Childhood trauma-related nightmares: The impact of exposure, relaxation, and rescripting therapy on cognitive functioning
Year of Award
Master of Arts (MA)
Department or School/College
Department of Psychology
Cameo F. Stanick
Christine Fiore, Rick van den Pol
childhood, trauma, nightmares, treatment, ERRT-C, cognitive
University of Montana
Child Psychology | Clinical Psychology
Trauma experiences are, unfortunately, a common part of childhood in the United States and are connected to serious health-related concerns throughout childhood and adulthood. A primary symptom of trauma exposure and posttraumatic stress is re-experiencing, which often occurs in the form of nightmares. Though cognitive behavioral treatment (CBT) is currently the most well supported treatment model for trauma-exposure, it does not specifically address nightmares. Left untreated, trauma-related nightmares may become chronic, impairing quality and quantity of sleep, and exacerbating and perpetuating trauma symptoms. Quality sleep is a necessary element of healthy child development. Trauma experiences and inadequate sleep have been shown to negatively impact children’s cognitive functions, including memory, attention, and learning, as well as increase behavioral problems and decrease academic performance. While PTSD treatment does not typically alleviate nightmares, both Imagery Rehearsal Therapy (IRT) and Exposure, Relaxation, and Rescripting Therapy (ERRT) have been shown to reduce nightmares, improve sleep quality, and relieve PTSD symptoms within adult samples. The proposed study found limited support that an ERRT adaptation for children aged 8- to 13-years-old (ERRT-C) was related to improvement in some cognitive functioning (e.g., attention, short-term memory, processing speed, reading achievement and comprehension).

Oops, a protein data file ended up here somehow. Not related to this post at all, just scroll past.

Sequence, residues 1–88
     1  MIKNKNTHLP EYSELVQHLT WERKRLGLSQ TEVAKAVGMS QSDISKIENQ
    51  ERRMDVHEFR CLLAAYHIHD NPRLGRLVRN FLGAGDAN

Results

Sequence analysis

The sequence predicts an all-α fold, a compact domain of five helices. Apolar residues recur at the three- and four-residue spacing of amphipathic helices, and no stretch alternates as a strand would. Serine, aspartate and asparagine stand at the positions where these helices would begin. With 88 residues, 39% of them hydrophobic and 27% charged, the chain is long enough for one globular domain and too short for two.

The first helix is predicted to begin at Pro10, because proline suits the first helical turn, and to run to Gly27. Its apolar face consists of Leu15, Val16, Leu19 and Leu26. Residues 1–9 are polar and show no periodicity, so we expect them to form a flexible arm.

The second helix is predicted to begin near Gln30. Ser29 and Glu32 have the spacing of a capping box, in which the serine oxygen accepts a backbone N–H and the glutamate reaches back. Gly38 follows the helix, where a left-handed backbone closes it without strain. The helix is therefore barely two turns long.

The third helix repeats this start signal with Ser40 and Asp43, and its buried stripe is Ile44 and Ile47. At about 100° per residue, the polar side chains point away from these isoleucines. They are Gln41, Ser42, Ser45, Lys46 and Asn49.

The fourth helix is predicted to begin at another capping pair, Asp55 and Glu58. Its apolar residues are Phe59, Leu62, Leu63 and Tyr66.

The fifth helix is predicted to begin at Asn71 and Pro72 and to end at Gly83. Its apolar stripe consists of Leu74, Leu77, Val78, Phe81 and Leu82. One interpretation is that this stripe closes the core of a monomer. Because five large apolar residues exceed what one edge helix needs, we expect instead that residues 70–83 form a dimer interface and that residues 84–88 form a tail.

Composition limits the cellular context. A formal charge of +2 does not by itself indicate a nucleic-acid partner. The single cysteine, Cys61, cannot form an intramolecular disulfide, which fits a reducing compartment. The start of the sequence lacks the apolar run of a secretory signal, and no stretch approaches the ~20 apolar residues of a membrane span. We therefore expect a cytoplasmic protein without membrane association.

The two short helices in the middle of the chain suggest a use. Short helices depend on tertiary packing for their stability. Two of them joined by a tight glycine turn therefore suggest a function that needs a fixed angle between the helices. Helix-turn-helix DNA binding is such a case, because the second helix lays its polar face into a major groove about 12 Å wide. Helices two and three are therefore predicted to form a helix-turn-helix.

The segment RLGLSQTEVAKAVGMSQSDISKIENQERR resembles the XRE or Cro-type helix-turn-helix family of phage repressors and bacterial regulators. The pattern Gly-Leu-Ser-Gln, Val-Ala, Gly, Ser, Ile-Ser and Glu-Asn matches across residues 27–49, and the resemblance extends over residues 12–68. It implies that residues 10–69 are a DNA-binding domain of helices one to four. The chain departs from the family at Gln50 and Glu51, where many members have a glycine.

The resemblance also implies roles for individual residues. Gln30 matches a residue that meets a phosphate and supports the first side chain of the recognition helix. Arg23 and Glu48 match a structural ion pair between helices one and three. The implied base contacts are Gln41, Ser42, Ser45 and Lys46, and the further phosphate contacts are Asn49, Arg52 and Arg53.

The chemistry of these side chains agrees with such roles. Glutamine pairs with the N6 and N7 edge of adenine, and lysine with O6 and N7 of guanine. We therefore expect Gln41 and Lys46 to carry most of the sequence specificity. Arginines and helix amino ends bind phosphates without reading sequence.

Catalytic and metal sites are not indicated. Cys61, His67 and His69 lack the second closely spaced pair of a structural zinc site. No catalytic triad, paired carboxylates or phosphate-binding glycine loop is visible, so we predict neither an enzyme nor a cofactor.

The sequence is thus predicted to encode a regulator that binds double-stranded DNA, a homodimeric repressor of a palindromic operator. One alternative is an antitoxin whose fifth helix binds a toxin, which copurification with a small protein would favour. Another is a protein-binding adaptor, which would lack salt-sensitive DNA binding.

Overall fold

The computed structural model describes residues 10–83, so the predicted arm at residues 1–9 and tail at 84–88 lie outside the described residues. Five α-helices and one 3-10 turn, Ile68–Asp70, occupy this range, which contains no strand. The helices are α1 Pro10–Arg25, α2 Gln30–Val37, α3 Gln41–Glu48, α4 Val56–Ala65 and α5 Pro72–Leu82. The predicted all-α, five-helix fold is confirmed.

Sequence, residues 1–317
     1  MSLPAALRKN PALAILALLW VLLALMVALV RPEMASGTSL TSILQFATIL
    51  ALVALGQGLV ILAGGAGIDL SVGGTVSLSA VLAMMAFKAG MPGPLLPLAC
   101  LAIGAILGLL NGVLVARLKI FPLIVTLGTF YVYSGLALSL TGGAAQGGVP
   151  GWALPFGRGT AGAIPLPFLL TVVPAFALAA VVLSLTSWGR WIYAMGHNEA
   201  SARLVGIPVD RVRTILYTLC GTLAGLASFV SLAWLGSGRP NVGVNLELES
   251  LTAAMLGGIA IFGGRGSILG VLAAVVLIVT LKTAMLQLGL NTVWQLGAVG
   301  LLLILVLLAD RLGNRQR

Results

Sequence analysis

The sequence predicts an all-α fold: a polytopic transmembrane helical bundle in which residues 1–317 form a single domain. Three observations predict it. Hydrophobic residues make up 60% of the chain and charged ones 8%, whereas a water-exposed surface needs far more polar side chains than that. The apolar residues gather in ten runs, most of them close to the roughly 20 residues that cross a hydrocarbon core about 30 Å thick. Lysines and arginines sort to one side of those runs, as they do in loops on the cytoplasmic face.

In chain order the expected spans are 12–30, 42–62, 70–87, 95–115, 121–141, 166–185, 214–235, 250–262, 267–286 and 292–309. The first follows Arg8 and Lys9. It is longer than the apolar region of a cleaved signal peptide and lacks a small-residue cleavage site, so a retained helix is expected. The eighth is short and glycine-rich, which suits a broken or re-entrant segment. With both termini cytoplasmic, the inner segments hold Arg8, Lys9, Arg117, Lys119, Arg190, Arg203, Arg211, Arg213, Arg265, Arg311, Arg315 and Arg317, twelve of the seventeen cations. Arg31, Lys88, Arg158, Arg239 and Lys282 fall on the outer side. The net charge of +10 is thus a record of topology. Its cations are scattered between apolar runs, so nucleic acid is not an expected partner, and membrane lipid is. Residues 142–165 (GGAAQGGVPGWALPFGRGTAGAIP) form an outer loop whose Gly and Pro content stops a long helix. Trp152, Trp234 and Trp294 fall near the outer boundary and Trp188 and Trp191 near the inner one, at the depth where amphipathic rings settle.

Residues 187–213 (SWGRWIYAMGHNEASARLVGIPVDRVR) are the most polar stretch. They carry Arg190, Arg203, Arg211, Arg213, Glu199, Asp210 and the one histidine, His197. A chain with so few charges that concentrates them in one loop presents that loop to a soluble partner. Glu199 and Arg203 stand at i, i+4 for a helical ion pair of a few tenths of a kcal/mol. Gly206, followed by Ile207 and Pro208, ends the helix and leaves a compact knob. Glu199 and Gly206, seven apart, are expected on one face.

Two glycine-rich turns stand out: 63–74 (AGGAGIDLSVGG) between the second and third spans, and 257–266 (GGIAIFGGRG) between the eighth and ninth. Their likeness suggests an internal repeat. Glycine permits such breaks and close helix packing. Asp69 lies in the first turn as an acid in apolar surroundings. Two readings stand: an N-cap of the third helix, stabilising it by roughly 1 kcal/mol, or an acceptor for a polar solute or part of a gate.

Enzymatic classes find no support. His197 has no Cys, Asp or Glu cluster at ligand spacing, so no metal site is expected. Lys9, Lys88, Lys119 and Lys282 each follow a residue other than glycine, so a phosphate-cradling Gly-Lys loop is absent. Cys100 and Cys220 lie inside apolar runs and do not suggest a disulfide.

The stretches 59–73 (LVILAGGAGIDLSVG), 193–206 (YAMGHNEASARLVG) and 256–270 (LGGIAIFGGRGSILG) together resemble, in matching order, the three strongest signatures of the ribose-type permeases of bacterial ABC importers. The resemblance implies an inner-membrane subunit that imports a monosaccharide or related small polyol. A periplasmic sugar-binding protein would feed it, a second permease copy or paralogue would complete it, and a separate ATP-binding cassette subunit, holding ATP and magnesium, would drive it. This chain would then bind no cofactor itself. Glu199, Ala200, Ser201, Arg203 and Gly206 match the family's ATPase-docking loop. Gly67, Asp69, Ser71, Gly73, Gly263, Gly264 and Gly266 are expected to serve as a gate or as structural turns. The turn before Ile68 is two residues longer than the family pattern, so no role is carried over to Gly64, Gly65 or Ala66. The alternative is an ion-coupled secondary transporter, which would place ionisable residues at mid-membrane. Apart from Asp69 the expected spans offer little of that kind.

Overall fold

Ocean. S.E., (2014). Childhood trauma-related nightmares: The impact of exposure, relaxation, and rescripting therapy on cognitive functioning.
© Copyright 2014 Susan E. Ocean